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Each time your heart beats, or you breathe, think, dream, smell, see, move, laugh, read, remember, write, or feel something, you are using your nervous system. The nervous system includes your brain, spinal cord, and a huge network of nerves that make electrical connections all over your body. Neurologists are the medical doctors who diagnose and treat problems with the nervous system. They work to restore health to an essential system in the body. Read more
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Do you like a good mystery? Well, an epidemiologist's job is all about solving mysteries—medical mysteries—but instead of figuring out "who done it" like a police detective would, they figure out "what caused it." They find relationships between a medical condition and things like human behavior, environmental toxins, genes, medical treatments, other diseases, and geographical location. For example, they ask questions like what causes multiple sclerosis? How can we prevent brain… Read more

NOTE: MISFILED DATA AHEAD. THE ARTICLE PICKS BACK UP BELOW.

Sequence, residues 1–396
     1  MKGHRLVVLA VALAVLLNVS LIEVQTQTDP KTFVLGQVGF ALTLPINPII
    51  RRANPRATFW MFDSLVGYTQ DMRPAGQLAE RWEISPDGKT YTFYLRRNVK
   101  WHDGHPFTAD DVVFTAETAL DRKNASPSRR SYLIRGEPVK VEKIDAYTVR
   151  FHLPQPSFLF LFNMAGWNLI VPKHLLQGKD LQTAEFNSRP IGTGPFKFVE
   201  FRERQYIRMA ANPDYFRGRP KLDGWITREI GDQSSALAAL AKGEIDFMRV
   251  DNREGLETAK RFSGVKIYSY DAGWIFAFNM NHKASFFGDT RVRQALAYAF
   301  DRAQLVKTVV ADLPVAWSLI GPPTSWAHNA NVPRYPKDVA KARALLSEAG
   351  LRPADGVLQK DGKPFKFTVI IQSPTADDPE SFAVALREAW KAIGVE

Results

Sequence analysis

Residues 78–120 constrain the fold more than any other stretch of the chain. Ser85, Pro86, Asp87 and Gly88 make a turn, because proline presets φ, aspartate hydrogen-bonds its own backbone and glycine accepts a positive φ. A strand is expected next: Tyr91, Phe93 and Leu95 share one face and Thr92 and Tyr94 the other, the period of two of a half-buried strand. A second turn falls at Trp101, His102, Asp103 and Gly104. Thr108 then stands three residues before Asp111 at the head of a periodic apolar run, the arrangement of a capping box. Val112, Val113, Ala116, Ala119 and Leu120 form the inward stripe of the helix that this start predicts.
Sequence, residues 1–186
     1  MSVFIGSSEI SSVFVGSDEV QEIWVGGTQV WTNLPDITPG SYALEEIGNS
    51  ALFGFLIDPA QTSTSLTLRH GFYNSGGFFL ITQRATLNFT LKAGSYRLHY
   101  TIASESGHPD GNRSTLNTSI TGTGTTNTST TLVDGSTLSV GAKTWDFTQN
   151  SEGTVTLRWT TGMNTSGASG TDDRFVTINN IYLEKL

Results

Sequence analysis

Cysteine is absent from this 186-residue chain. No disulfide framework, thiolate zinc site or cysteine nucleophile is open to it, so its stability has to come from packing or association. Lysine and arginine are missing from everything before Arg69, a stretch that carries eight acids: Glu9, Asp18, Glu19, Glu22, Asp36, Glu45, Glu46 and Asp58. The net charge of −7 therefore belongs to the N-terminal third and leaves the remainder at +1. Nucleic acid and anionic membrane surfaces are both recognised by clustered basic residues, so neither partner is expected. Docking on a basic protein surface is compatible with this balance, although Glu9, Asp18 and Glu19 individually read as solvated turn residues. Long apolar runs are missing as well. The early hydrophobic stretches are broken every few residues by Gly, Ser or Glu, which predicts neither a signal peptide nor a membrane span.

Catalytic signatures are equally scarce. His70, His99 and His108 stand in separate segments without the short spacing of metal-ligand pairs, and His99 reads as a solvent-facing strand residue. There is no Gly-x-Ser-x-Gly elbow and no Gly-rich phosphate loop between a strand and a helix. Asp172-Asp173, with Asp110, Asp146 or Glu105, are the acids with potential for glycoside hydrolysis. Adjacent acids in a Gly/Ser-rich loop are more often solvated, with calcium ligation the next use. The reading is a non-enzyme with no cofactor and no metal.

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Pharmacists are the medication experts. They advise doctors, nurses, and patients on the correct drug dosage for a patient's weight, age, health, and gender; on interactions between drugs; on side effects; on drug alternatives; on costs; and on ways to give drugs. They also dispense drugs at pharmacies, according to prescriptions, checking for dangerous drug interactions, and educating patients on how to take drugs, what reactions to watch out for, and how long it should take for drugs to work. Read more
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Good oral hygiene protects not only teeth and gums, but the whole body, reducing the risk of infections, heart disease, clogged arteries, and stroke. Dental hygienists help prevent and correct dental problems by taking X-rays, examining teeth and gums, removing plaque, polishing teeth, injecting local anesthetics, and assisting with dental procedures. They also play a key role in educating patients about how and when to brush and floss. Read more